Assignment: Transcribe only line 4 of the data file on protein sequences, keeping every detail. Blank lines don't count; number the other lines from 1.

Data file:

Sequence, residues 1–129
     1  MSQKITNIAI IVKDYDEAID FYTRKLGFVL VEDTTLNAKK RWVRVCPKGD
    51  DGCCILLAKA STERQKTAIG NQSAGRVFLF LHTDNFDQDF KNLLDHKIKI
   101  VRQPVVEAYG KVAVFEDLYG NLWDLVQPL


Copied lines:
   101  VRQPVVEAYG KVAVFEDLYG NLWDLVQPL